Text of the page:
The London Olympics
Something weird happened over the last couple of days, as we approached the opening ceremony of the 2012 Olympics - I started to give a crap.
This was most unexpected as I am, by nature, both apathetic and cynical and not even remotely interested in flag-waving patriotism. I do not care about the patch of land on which some accident of geography and history caused me to be born.
And yet there was a strange stirring of pride, a lone, feeble blossom growing in a field of ambivalence.
Even more weirdly, I think it's Mitt Romney's fault. He is, let's be clear here, a feckless, ignorant bell end. His politics are diametrically opposed to my own and I find his ideologies abhorrent. But then the useless gobshite came on a visit to Britain and repeatedly stuck his foot in his mouth. He dared to say something mildly critical about the preparations for the Olympics and suddenly I started to get all defensive about the country I didn't really care about
In all honesty, the lead up to the games has been fairly shambolic; the whole security thing, the arguments over gets the stadium in the end, and so on. But someone else having a pop? Oh. No. You. Didn't!
Yes, it's irrational and perhaps even mildly unfair to Romney (he's still a tool though), but I can't help it.
There's something very British about the inept build up, the general air of resigned indifference, the sudden defensiveness and finally a weird kind of contradictory cynical enthusiasm - yeah, we think it might suck but we've got this far so we might as well carry on.
Things go wrong, we grumble about it but keep going, making it up as we go along, cobbling things together with hope and gaffer tape, and somehow it works.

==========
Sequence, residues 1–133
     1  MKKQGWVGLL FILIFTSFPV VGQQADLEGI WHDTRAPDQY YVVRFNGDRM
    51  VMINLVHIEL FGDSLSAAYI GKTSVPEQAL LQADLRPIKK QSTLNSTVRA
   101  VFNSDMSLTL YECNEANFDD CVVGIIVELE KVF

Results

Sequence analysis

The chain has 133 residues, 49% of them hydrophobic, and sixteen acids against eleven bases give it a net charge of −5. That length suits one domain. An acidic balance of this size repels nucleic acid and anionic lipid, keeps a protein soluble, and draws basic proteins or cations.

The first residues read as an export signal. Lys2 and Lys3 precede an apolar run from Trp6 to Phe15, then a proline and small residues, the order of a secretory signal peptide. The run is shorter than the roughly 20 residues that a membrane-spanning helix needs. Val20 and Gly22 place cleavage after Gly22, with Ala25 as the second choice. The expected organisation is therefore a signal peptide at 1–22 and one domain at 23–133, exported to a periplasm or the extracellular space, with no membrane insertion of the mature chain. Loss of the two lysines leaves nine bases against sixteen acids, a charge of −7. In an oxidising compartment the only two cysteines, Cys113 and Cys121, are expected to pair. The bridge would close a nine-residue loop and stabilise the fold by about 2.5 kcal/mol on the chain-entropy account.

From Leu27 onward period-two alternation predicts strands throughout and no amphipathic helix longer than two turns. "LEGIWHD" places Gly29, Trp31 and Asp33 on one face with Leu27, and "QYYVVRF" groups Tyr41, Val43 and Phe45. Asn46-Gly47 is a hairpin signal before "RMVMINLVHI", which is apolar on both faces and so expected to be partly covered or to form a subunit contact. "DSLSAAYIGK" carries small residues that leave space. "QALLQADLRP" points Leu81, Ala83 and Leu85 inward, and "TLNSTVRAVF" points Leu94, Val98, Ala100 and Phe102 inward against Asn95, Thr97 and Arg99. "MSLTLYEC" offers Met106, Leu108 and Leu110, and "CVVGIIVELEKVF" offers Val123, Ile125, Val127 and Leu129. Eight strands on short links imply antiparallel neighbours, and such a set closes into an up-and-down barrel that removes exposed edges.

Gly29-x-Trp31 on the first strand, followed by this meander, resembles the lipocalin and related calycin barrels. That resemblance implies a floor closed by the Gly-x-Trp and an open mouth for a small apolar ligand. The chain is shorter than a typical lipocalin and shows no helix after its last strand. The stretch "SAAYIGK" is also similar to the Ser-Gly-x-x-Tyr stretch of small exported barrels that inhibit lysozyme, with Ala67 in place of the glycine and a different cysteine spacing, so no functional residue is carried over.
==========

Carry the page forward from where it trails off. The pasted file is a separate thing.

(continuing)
It's a strange kind of shambolic resilience and it makes me weirdly proud.
I was convinced that the opening ceremony was going to be pretty lame but, well, it wasn't. Yeah, parts of it were baffling but a lot of it was just cool - it celebrated the NHS in front of the man who's currently trying to carve it up (David Cameron), there was a CND symbol, Bond and the Queen (who looked thoroughly pissed off whenever the camera was on her), some incredible visuals, women in the Saudi team (albeit walking behind the men. Still, baby steps), Palestine being recognised as an independent state, and finally the awesome flame - overall it was all very impressive!
We'll skip over Paul McCartney butchering Hey Jude - some things are best left to recede into history unremembered.
There are many things I don't like: I still think it's a colossal waste of money when so many social services are being cut; the draconian, state-enforced regulations over sponsors' logos; the suppression of protest; missiles on the roofs of residential buildings.
But as a celebration of global diversity and the British ability to screw everything up yet still make it work, I applaud it. Grudgingly.
Now we just need to get to the end so we can gripe about everything that went wrong and take the piss out of it.
Brings a patriotic tear to my eye...